lit yahrzeit candles

Deaths for the week of April 14, 2017

Zell Dove

Born Zell Ann Ross in 1933 to parents Harry Ross and Marcia (May) Lipson. Zell lived her first four years in Denver, Colorado. Harry owned a car dealership, but the post-Depression times were hard, forcing Harry to liquidate the dealership. He watched his equipment being auctioned and decided that wasn’t a bad way to earn a living. So he packed up the family, moved to San Francisco, and in 1937 opened up Ross Mercantile Company. He was now a San Francisco auctioneer.

Zell was their only child, and May spoiled her with the finest clothes a girl could wear. Zell was extremely bright and kept outpacing her fellow grammar school students, so the principal recommended she skip the second grade. She did and still kept advancing past her fellow students, so a few years later the principal recommended she skip the fifth grade too. She was gifted, mature beyond her peers, and studies came easy to her. Harry and May knew she was very smart, and there was only one school in the city at the time for the best and brightest, so Zell was enrolled at Lowell High School. She breezed through Lowell in style, and at the young age of 16 she was off to Cal Berkeley for college.

In addition to her intelligence, she was beautiful. Zell possessed movie star looks and turned heads everywhere she went. She was on a date one night in 1950 walking through the Fairmont hotel and her date ran into an acquaintance who had returned from the War. Her date said, “Hey, Millard,” and he replied, “Hello, Sherman,” but he was looking straight at Zell. She took his breath away; but she casually paid him no attention.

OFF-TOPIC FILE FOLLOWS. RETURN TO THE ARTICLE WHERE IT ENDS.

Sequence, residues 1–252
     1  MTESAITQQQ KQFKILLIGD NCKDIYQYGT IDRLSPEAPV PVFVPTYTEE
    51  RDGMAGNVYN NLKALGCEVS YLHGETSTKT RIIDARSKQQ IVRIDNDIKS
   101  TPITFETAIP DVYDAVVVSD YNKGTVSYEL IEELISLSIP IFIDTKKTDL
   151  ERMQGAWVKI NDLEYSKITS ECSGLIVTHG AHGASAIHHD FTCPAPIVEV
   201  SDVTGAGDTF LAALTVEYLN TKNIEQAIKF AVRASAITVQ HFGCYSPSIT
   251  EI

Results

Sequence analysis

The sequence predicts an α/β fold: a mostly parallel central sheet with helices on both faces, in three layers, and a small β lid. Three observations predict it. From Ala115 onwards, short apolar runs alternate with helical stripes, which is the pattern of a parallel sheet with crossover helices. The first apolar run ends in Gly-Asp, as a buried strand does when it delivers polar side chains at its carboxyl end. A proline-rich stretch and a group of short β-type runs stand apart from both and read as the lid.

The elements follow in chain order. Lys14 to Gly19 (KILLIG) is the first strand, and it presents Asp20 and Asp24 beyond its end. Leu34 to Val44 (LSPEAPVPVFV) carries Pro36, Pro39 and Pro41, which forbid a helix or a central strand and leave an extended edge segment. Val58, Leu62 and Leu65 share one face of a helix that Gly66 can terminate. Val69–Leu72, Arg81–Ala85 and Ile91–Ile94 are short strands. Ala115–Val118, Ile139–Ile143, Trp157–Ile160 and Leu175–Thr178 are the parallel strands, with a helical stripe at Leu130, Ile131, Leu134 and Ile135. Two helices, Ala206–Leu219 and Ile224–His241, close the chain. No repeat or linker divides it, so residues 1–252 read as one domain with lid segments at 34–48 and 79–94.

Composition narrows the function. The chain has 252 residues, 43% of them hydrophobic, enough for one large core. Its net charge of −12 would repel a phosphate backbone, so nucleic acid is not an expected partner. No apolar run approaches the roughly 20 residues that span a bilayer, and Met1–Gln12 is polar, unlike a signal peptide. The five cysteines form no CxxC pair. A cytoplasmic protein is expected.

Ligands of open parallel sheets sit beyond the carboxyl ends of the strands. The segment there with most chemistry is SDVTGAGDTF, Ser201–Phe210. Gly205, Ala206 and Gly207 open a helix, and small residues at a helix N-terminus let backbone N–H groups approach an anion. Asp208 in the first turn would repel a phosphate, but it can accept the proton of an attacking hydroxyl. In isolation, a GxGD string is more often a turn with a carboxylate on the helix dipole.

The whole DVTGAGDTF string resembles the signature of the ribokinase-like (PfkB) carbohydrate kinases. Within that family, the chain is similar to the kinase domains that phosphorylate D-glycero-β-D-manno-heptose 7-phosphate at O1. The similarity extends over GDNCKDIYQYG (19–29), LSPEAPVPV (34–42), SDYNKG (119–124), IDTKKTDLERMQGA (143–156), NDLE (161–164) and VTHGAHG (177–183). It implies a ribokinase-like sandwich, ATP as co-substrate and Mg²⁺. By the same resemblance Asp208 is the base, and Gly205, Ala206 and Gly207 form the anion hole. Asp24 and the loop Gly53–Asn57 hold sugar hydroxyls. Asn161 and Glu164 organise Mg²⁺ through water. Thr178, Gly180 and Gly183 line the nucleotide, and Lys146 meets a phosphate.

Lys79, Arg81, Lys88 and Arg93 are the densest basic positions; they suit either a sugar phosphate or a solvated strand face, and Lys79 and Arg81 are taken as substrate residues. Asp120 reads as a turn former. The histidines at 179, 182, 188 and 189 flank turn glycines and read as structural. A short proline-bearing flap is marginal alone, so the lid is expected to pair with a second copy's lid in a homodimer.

As luck would have it, on a weekend home from Cal a few weeks later, she walked into a cigar store on Geary Street to get a pack of cigarettes (yes, she smoked). Inside the store happened to be that same young good-looking war vet also getting a pack of cigarettes (he smoked, too). He turned when she came in, and their eyes locked. He smiled and called out, “Hey you’re Sherman’s girl,” and she looked at him and coolly replied, “I’m nobody’s girl.”

“Good,” he said, “Then can I have your phone number?” She bought her pack, put it in her purse, and turned to leave. Over her shoulder she said, “It’s in the book.”

Millard wasted no time, calling her up and swinging by in his old man’s convertible. He pulled up, went inside to her apartment, and was told to sit in the kitchen and meet her father. There was Harry, sitting at the kitchen table in his undershirt, with a can of beer. Millard was standing in a flashy suit. They exchanged glances and pleasantries. Zell took Millard’s arm, and off they went.

It didn’t take long: They met when she was 17 and were engaged a few months later. She married at 18 (he was 25) on December 2, 1951. Their first son Ross was born the following September, in 1952. You do the math (yes, they had a very nice honeymoon).